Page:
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ARS Home » Northeast Area » Beltsville, Maryland (BARC) » Beltsville Agricultural Research Center » Soybean Genomics & Improvement Laboratory » Research » Publications at this Location » Publication #335416

Title: Genetic characterization of the soybean Nested Association Mapping (NAM) population

item Song, Qijian
item YAN, LONG - Hebei Academy Of Agriculture
item Quigley, Charles - Chuck
item JORDAN, BRANDON - University Of Illinois
item Fickus, Edward
item Schroeder, Steven - Steve
item SONG, BAO-HUA - University Of North Carolina
item An, Yong-Qiang - Charles
item HYTEN, DAVID - University Of Nebraska
item Nelson, Randall
item RAINEY, KATY - Purdue University
item BEAVIS, WILLIAM - Iowa State University
item SPECHT, JAMES - University Of Nebraska
item DIERS, BRIAN - University Of Illinois
item CREGAN, PERRY - Retired ARS Employee

Submitted to: The Plant Genome
Publication Type: Peer Reviewed Journal
Publication Acceptance Date: 1/23/2017
Publication Date: 4/27/2017
Citation: Song, Q., Yan, L., Quigley, C.V., Jordan, B.D., Fickus, E.W., Schroeder, S.G., Song, B., An, Y., Hyten, D., Nelson, R.L., Rainey, K., Beavis, W.D., Specht, J., Diers, B., Cregan, P. 2017. Genetic characterization of the soybean Nested Association Mapping (NAM) population. The Plant Genome. 10(2). doi: 10.3835/plantgenome2016.10.0109.

Interpretive Summary: Many important traits related to seed yield, yield components, seed quality, and stress resistance in crops are controlled by multiple loci (QTL) in the genome. The performance of these complex traits is affected by the environment and interaction between the environment and loci. Two types of the populations, family-based population derived from a cross between two parents and nature population from existing accessions, were used to position these loci. Nested association mapping (NAM) was proposed to increase the resolution of QTL mapping via nature population and increase power of the analysis via family-based population. Unlike traditional family-based population which only uses two parental individuals, we developed a NAM population by crossing 40 diverse cultivars to a common parent followed by the development of progenies in each family, a total of 5,600 progenies were then genotyped with 6,000 markers while the parents were sequenced and resulted in millions of markers. The markers of the parents were then used to impute the progenies. Thus, the association of the imputed genotypic data with the phenotypic data of the progenies can be analyzed to identify genes or loci associated with the traits. This is the first largest mapping population that has been developed and characterized in the soybean so far. The information will be a valuable community resource for dissecting complex traits in soybean coupled with the availability of the seeds from each line.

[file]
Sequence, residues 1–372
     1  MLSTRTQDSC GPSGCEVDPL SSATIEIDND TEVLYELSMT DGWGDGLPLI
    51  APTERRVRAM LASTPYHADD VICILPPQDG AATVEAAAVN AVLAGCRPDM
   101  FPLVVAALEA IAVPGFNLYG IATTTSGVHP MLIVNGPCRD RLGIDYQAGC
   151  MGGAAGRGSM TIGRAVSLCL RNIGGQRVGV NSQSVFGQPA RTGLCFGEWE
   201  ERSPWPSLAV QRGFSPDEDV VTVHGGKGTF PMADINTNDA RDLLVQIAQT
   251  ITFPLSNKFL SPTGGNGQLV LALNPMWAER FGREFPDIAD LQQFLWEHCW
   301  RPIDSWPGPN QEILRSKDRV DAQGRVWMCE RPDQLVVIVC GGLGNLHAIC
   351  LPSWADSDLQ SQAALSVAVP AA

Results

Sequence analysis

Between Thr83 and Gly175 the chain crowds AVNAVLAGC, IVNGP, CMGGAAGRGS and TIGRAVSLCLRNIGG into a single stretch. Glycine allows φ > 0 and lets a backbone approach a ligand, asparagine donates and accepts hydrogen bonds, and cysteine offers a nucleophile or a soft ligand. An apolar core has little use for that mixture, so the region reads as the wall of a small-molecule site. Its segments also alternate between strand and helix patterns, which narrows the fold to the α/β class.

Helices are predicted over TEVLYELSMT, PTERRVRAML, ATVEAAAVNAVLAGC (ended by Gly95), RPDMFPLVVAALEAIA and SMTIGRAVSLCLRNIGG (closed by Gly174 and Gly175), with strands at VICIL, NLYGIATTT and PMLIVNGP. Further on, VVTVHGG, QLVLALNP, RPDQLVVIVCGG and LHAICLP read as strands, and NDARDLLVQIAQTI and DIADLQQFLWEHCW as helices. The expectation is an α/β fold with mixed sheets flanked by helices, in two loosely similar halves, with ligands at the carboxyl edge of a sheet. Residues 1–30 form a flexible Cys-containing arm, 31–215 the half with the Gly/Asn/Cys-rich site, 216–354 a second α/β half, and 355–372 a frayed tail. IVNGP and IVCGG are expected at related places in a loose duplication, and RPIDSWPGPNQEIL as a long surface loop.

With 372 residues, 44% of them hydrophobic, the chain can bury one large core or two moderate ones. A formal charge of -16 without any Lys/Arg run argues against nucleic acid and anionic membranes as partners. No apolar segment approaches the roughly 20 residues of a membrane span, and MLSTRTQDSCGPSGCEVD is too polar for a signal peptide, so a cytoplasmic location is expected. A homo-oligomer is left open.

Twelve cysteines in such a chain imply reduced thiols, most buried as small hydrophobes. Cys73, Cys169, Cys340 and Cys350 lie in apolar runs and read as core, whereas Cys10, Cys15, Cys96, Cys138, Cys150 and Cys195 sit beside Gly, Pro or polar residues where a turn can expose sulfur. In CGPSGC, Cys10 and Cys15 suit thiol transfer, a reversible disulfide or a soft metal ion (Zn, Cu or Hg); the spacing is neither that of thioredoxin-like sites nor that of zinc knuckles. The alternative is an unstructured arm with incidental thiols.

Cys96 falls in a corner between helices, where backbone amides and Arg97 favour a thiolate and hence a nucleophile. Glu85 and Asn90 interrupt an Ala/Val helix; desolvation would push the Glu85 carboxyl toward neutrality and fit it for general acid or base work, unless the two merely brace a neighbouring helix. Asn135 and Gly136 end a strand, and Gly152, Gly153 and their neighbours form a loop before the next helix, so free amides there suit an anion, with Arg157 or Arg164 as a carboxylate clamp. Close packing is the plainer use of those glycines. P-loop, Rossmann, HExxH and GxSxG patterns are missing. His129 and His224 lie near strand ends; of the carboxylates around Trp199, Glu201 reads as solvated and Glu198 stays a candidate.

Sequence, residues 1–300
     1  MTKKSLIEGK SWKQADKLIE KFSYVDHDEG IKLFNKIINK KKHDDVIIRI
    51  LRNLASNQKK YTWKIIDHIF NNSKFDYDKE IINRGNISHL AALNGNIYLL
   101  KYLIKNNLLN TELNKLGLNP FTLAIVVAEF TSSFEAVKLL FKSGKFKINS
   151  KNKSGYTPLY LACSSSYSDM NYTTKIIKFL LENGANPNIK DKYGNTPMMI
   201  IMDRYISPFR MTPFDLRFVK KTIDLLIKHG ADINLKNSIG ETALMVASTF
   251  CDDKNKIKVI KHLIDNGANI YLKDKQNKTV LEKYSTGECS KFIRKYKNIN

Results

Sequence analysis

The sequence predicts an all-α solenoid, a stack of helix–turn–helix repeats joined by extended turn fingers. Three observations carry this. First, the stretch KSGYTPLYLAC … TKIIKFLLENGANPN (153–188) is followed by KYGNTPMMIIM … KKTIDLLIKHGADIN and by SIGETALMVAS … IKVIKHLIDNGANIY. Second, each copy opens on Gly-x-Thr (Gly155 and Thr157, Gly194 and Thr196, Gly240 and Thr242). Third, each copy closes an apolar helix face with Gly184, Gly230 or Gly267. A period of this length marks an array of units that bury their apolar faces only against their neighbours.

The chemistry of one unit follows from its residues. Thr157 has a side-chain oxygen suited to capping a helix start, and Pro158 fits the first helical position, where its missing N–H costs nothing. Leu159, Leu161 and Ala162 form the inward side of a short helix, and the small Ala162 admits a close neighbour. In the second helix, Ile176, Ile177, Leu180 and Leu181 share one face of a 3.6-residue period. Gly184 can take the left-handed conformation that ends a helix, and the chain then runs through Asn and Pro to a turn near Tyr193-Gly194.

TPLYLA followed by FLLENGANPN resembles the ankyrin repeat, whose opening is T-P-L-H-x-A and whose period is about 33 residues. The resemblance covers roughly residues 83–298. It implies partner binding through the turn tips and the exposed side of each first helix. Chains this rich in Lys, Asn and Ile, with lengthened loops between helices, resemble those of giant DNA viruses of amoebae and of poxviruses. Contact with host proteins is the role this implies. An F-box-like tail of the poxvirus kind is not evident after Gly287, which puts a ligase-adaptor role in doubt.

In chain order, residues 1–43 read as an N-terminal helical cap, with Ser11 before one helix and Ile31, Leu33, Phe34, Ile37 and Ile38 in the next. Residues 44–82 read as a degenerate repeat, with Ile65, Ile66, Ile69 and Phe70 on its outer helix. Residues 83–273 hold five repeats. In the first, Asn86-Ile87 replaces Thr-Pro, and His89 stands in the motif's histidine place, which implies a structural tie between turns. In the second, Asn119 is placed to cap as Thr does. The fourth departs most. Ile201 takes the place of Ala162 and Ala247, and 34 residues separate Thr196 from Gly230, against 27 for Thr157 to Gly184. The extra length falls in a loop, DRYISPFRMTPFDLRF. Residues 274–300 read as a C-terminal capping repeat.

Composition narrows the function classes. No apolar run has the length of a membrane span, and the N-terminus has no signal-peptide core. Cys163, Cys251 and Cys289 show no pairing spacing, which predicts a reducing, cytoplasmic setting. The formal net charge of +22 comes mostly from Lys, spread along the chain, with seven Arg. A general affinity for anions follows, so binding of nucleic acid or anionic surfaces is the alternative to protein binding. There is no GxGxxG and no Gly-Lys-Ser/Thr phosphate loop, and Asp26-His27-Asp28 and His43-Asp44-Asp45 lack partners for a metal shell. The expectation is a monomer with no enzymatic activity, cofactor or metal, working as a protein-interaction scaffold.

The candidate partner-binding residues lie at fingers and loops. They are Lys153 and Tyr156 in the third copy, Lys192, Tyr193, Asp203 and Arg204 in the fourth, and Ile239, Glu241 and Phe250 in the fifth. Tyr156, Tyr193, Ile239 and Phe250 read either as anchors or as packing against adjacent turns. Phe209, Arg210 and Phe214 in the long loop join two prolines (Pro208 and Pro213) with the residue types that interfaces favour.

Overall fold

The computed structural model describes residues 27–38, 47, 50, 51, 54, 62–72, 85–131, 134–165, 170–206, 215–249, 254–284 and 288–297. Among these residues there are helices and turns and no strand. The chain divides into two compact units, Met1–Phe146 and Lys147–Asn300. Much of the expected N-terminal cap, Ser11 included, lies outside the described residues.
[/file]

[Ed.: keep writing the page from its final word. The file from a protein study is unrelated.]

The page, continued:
Technical Abstract: A population of nested association mapping (NAM) families can be a valuable resource to a research community. A set of NAM families were developed by crossing 40 diverse soybean genotypes to the common hub cultivar IA 3023. The 41 parents were sequenced with next generation sequencing for single nucleotide polymorphism (SNP) discovery. Among the 5,232,558 SNPs identified, 30,174 were polymorphic in more than 12 of the 40 families and passed a number of selection criteria for Illumina BeadChip design. From these, a set of 6000 SNPs was selected to be included in the SoyNAM6K BeadChip for genotyping the parents and 5600 recombinant inbred lines (RILs) from the families. Successful genotypic data were obtained for 4,312 SNPs. Analysis of the SNP profiles of the RILs showed an average of 58 recombination events per RIL with a range of 43 to 77 among the 40 families. The genetic linkage maps varied from 981 cM to 1780 cM among families. The total length of the composite linkage map based on RILs across the NAM families was 1736 cM. Of the SNPs obtained from sequencing the parents or use of the SoySNP50K BeadChip assay, a total of 525,772 high confidence SNPs could be used to impute the SNP alleles in the RILs of the NAM families. The genotypic datasets for the RILs and parents are publically available and are anticipated to be useful to fine map genes or quantitative trait loci controlling important traits in soybean.